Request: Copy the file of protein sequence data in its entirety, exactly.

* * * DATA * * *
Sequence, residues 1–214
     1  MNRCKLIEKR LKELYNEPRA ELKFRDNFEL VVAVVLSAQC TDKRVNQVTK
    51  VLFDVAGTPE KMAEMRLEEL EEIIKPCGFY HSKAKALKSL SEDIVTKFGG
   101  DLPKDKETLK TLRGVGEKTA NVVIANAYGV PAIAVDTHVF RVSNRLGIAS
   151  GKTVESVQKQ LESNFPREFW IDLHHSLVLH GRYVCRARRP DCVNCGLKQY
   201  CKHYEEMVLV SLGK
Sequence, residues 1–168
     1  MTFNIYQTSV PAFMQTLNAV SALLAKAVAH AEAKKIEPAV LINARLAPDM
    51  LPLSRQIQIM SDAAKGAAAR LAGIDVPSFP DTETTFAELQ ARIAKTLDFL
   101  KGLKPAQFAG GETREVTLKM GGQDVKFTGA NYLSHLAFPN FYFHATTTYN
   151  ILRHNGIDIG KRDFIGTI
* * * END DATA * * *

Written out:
Sequence, residues 1–214
     1  MNRCKLIEKR LKELYNEPRA ELKFRDNFEL VVAVVLSAQC TDKRVNQVTK
    51  VLFDVAGTPE KMAEMRLEEL EEIIKPCGFY HSKAKALKSL SEDIVTKFGG
   101  DLPKDKETLK TLRGVGEKTA NVVIANAYGV PAIAVDTHVF RVSNRLGIAS
   151  GKTVESVQKQ LESNFPREFW IDLHHSLVLH GRYVCRARRP DCVNCGLKQY
   201  CKHYEEMVLV SLGK
Sequence, residues 1–168
     1  MTFNIYQTSV PAFMQTLNAV SALLAKAVAH AEAKKIEPAV LINARLAPDM
    51  LPLSRQIQIM SDAAKGAAAR LAGIDVPSFP DTETTFAELQ ARIAKTLDFL
   101  KGLKPAQFAG GETREVTLKM GGQDVKFTGA NYLSHLAFPN FYFHATTTYN
   151  ILRHNGIDIG KRDFIGTI